Manufacturing Hubs Across Southeast Asia
Manufacturing across the Association of Southeast Asian Nations (ASEAN)—the ten-nation bloc including Singapore, Malaysia, Thailand, Vietnam, and Indonesia—is by no means a monolithic sector. From free-market champions like Singapore to planned economies such as Vietnam; from hotbeds of political turbulence like Thailand to bastions of stability such as Indonesia; the region features a diverse array of economic structures, operational expenses, and states of infrastructure development.
In a broad perspective, ASEAN manufacturers can be divided into those that have invested in mid- and high-tech manufacturing and those which, for the time being, are concentrated in low- or no-tech assembly. Not surprisingly, the former tend to feature higher minimum wages and highly skilled workforces, as exemplified by Singapore, whose manufacturing wages are well above those of its regional neighbors.
Conversely, the latter type of manufacturing nation describes states such as Vietnam and Indonesia, where strides are currently being made in education and infrastructure investment as a means of avoiding the specter of low-value added manufacturing. Both countries face their own respective challenges however; in Vietnam, this consists of mitigating the influence of state-owned enterprises on the economy and shoring up its now-fragmented manufacturing sector, while in Indonesia, a comprehensive upgrade of national infrastructure is well overdue.
Thailand and Malaysia, meanwhile, represent the middle of the pack, striking a fine balance between mid- and high-tech manufacturing capabilities and competitive labor environments. Both countries have done remarkably well to situate themselves in this “Goldilocks zone,” with Malaysia slightly preferable if only for its lack of the environmental and political risk occasionally threatening Thailand.
These differences will mean far less, however, following the full implementation of the ASEAN Economic Community (AEC) in 2015, scheduled to transform the entire region into a single market and production base with free-flowing skilled labor between member nations. The latter is an often underestimated factor for unlocking manufacturing potential in the region, allowing the expertise of Singaporean laborers, for example, to combine with the “demographic dividend” of Indonesia—in other words, the best of both worlds for foreign investment opportunities.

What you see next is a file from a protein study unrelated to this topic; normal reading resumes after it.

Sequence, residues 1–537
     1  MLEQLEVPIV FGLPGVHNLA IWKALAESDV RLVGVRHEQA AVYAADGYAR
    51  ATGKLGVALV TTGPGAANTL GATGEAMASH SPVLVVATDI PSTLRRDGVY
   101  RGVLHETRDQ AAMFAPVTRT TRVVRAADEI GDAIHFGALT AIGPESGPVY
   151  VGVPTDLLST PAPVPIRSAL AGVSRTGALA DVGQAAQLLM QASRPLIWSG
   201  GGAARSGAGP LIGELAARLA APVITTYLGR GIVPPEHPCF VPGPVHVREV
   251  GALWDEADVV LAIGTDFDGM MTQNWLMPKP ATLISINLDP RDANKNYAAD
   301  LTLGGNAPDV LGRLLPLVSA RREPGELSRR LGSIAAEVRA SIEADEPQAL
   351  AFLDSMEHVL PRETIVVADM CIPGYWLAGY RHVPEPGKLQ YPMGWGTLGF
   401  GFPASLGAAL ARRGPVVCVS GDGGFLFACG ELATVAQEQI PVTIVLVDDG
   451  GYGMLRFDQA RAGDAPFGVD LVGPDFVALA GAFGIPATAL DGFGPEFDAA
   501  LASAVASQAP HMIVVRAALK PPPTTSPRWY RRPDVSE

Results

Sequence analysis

This article is an excerpt from the July 2014 edition of Asia Briefing Magazine, titled “Manufacturing Hubs Across Emerging Asia.” In this issue, we explore several of the region’s most competitive and promising manufacturing locales including India, Indonesia, Malaysia, Singapore, Thailand, and Vietnam. Exploring a wide variety of factors such as key industries, investment regulations, and labor, shipping, and operational costs, we delineate the cost competitiveness and ease of investment in each while highlighting Indonesia, Vietnam and India’s exceptional potential as the manufacturing leaders of the future.
Asia Briefing Ltd. is a subsidiary of Dezan Shira & Associates. Dezan Shira is a specialist foreign direct investment practice, providing corporate establishment, business advisory, tax advisory and compliance, accounting, payroll, due diligence and financial review services to multinationals investing in China, Hong Kong, India, Vietnam, Singapore and the rest of ASEAN. For further information, please email firstname.lastname@example.org or visit www.dezshira.com.
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